Gai means “cow” and Jatra means “festival.” Cow is not only the national animal of Nepal, but also the most sacred animal of Nepal. It is believed that cows live in a heavenly place and that they also help deceased souls get there. So, during this festival, people engage in communal merrymaking and lessen their sorrows by participating in the parade, with the belief that by doing so the cows will lead the soul of their loved ones to heaven safe and sound. It is celebrated primarily by the Newar communities, who are the indigenous people of Kathmandu Valley.
On this day, every family who has lost a relative in the previous year is expected to participate in a parade and march in the streets of Kathmandu, Bhaktapur, Kirtipur, and Patan either with a real cow or with a person dressed as a cow. These people walking in the streets dressed in colorful, funny clothes and doing weird, funny things make this event quite a carnival. You can also see people distributing free foods on the street.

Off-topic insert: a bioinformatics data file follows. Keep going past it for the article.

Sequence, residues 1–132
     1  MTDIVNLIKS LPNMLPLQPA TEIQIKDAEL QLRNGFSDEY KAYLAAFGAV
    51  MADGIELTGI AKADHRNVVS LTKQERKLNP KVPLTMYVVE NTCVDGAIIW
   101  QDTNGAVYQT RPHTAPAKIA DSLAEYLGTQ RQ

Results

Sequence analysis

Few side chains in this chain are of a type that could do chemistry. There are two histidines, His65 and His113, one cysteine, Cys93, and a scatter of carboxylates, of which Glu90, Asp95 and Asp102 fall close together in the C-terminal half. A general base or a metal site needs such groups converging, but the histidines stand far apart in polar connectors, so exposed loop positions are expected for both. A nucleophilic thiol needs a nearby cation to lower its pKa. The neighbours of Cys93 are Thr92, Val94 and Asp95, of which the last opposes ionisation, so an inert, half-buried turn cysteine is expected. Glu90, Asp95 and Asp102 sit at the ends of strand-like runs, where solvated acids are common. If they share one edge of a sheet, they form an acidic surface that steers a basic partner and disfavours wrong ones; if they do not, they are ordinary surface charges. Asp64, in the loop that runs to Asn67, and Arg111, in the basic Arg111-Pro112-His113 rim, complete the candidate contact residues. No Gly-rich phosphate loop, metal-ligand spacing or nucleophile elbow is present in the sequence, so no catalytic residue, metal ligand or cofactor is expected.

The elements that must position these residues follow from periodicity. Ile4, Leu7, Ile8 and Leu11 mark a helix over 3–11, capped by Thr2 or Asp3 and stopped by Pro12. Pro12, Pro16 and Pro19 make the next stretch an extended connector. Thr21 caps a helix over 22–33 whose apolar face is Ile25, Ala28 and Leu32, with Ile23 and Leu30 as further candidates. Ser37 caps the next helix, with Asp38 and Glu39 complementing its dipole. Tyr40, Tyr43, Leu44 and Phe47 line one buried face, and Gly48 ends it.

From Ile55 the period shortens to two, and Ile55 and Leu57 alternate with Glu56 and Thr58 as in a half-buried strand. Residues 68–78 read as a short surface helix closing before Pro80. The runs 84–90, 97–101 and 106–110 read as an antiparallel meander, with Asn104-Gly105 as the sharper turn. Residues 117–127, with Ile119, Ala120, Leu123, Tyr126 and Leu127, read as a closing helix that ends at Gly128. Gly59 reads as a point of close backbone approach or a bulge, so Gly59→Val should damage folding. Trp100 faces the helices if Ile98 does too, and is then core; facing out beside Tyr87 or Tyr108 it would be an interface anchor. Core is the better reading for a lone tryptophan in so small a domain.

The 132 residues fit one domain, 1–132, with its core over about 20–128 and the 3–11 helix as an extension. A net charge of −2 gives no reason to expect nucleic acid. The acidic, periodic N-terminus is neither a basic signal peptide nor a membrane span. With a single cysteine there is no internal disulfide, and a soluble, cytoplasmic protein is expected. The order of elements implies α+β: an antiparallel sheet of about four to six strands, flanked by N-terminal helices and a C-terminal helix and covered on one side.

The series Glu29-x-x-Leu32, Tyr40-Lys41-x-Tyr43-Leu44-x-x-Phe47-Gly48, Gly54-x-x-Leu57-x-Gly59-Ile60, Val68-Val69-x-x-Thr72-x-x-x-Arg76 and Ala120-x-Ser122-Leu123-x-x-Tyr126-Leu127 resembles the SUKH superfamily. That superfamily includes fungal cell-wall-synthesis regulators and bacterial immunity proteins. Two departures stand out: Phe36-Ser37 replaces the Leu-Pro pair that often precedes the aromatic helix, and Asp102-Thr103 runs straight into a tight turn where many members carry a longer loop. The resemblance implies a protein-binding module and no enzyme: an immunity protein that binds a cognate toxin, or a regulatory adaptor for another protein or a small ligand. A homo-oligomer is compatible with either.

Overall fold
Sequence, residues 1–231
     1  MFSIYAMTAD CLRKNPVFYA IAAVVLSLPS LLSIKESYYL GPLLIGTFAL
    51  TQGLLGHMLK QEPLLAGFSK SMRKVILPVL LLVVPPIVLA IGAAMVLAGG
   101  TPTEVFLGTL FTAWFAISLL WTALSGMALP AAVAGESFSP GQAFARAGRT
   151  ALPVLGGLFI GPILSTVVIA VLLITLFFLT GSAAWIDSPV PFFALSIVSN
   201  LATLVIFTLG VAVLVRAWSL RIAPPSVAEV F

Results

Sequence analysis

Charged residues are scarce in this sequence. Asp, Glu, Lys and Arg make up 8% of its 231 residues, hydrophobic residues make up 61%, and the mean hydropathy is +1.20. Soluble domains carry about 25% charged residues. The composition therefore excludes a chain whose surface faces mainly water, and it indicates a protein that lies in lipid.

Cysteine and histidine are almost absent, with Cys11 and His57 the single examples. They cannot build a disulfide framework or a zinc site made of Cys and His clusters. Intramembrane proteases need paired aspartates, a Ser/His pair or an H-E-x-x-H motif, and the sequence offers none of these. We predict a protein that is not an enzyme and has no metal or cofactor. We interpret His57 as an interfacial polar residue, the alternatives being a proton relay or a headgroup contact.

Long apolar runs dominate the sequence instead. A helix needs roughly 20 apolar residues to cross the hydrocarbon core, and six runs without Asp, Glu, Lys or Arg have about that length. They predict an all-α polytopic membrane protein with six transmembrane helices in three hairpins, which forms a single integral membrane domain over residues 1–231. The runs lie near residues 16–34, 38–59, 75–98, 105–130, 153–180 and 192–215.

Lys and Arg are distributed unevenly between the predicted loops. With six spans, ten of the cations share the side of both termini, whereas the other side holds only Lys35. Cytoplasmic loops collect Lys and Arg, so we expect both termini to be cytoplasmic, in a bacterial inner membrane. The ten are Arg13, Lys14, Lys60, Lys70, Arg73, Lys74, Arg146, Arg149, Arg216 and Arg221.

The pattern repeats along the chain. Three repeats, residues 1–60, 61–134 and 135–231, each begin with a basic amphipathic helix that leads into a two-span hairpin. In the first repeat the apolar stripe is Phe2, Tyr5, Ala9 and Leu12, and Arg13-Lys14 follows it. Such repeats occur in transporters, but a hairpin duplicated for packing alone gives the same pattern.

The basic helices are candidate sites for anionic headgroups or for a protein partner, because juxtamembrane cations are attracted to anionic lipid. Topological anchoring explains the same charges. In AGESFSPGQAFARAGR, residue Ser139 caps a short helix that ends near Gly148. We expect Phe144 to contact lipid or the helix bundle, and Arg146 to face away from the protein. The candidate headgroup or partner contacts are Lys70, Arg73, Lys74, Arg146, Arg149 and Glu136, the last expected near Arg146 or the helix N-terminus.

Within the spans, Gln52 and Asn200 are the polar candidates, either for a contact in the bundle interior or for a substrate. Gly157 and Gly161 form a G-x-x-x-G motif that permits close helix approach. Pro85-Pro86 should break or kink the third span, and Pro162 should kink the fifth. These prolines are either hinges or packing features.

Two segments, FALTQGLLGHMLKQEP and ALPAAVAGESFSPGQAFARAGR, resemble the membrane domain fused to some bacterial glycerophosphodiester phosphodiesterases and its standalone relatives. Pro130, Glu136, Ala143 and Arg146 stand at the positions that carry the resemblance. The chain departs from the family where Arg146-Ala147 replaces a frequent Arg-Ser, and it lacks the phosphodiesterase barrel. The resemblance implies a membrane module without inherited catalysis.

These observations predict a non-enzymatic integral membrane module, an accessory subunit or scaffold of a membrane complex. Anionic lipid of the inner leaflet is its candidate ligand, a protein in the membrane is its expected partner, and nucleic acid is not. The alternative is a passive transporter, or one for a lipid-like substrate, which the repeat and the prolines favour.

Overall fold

Gai Jatra generally falls in late August and sometimes in early September. This is also the season when it is the most ideal time to visit Nepal since it is autumn season and the weather is likely to be just right. Also the skies will be clear most of the day, giving you plenty of opportunities to grab spectacular views of the faraway mountain ranges.
Things you are likely to be engaged in if you participate in this festival:
- Observe a parade of motley crowd doing funny, eccentric things on streets.
- Dress as a cow and participate in different funny activities.
- Attend a comedy function (where people perform live comic plays and other performances)
- Engage with local people in singing, dancing, drinking, and merrymaking.
- Commemorate the death of loved ones.